Outcome Measures and Data Collection
The main outcome was the time of IO cannulation. It was measured in seconds, and defined as the time interval between taking the IO device out of the original packaging to the actual insertion of the needle into the bone and problem-free IO administration of 10 mL saline solution as a test dose directly through the needle. The secondary outcome was the success rate of IO cannulation on the first attempt. An insertion was labeled successful if it had a stable position on the bone and allowed the infusion of fluid (10 mL) without extravasation. Failure was defined as extravasation or unsuccessful (first) effort of IO insertion. In addition, the IO insertion was confirmed by ultrasonography with the application of a linear 6 MHz probe. Furthermore, complications of the IO cannulation were recorded.
After the procedure completion, each participant filled a questionnaire in which they subjectively rated the ease of NIO use (1–5; 1 = very difficult, 5 = very easy), the ease of NIO use versus a peripheral IV line (easier, the same, harder), the speed versus a peripheral IV line (slower, the same, faster), as well as the willingness to use the device in future sudden cardiac arrest (SCA) scenarios (no, maybe, yes).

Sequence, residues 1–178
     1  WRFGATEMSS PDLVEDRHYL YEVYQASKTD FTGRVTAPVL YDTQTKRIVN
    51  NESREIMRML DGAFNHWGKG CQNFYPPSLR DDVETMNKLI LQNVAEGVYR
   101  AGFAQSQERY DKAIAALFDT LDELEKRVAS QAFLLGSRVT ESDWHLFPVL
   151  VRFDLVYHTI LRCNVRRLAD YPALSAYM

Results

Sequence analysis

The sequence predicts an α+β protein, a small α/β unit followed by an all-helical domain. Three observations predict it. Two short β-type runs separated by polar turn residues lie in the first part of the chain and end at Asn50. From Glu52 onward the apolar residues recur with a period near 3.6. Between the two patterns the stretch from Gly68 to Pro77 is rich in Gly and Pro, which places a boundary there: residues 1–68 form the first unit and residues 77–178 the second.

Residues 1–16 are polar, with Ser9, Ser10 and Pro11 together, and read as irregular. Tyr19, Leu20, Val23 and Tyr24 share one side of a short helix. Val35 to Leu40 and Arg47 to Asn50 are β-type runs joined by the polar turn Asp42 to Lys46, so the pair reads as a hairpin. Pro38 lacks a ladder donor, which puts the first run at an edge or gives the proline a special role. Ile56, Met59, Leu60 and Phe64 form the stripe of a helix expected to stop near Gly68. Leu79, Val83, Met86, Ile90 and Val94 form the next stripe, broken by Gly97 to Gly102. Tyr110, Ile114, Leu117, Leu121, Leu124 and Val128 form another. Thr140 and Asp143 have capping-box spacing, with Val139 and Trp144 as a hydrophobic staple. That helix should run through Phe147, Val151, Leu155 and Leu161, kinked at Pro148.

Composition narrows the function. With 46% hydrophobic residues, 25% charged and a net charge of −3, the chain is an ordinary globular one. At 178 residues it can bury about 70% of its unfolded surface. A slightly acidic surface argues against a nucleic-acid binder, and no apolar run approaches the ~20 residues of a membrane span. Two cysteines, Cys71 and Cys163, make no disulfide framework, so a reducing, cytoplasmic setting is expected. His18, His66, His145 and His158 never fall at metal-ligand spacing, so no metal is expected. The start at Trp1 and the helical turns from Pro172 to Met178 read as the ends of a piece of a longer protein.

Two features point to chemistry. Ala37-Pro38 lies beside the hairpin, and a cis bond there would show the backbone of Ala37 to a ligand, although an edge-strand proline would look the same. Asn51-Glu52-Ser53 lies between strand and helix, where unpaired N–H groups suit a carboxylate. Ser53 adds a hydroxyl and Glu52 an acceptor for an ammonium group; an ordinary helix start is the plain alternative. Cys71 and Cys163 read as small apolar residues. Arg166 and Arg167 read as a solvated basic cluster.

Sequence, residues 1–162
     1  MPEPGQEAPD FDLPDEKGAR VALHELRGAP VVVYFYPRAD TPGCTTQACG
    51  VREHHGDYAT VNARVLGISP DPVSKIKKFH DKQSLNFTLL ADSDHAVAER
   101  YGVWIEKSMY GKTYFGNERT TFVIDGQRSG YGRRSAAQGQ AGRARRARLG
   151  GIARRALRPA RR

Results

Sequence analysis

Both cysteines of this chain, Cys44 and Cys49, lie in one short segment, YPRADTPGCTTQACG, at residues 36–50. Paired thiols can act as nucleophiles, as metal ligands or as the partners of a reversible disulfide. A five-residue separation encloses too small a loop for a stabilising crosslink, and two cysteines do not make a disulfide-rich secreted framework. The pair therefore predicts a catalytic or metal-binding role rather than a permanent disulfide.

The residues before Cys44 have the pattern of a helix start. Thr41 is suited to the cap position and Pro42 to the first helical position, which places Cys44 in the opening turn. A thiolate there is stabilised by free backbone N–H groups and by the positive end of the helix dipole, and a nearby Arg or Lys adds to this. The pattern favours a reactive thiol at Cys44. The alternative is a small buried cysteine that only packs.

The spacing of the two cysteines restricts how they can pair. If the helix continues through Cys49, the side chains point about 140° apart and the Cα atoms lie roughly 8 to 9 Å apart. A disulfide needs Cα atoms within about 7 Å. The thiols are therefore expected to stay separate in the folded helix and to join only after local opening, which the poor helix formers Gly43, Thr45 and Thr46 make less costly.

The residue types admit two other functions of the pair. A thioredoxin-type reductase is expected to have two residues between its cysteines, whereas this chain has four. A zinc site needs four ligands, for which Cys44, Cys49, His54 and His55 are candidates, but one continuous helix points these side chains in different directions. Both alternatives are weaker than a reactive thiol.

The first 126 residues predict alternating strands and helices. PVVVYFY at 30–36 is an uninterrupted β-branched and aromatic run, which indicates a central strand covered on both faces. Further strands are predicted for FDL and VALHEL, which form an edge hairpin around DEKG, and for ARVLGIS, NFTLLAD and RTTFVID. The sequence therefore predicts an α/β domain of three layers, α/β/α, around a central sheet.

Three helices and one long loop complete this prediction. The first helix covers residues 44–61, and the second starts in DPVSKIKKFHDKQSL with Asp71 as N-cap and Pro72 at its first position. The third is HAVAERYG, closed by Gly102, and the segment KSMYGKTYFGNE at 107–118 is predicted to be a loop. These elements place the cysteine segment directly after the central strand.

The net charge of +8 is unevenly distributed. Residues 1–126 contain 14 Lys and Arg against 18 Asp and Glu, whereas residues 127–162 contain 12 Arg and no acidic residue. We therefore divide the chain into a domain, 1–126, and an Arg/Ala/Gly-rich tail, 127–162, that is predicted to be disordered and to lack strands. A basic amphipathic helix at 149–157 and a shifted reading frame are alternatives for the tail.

All study data were entered into an electronic database (Microsoft Excel 2010; Poland) (Microsoft Corp, Redmond, WA, USA) and evaluated with the use of Statistica Package Software, version 12.5.
The results were presented as absolute values, percentages, medians and interquartile ranges (IQRs), or means and SDs. The Kolmogorov–Smirnov test was applied to check for normal distribution. As this was a randomized crossover trial, pairing was taken into account in the statistical analysis. McNemar test was used for comparing the cannulation success rates of the humeral head and proximal tibia. The 2-sided Wilcoxon signed-rank test allowed to compare the procedure time. The participants’ subjective opinions were compared with the use of the Stuart–Maxwell test. The value of P < 0.05 was considered statistically significant.
The study was carried out between February and March 2016. In total, 84 paramedics (27 women and 57 men aged 27.6 ± 4.2 years) participated in the study.